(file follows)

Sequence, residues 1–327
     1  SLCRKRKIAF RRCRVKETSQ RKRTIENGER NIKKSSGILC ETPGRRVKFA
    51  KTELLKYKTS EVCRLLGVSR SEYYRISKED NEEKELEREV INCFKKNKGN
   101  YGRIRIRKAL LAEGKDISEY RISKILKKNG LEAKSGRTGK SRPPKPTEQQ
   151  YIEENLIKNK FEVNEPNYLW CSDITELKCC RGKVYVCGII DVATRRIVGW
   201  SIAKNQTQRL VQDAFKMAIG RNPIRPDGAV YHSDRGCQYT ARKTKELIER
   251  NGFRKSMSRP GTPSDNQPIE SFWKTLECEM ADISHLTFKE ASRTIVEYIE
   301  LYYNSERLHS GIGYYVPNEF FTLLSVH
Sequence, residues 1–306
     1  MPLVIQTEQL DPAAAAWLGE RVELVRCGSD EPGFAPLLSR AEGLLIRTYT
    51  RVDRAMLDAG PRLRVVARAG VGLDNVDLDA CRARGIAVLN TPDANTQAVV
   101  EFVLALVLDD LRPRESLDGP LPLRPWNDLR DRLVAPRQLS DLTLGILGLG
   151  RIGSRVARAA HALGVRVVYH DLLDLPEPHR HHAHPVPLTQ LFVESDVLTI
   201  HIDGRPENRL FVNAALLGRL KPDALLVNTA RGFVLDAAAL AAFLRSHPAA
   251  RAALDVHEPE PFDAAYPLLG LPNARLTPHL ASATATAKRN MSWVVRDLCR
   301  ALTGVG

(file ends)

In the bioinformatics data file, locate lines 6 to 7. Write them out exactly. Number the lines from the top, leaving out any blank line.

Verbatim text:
   201  SIAKNQTQRL VQDAFKMAIG RNPIRPDGAV YHSDRGCQYT ARKTKELIER
   251  NGFRKSMSRP GTPSDNQPIE SFWKTLECEM ADISHLTFKE ASRTIVEYIE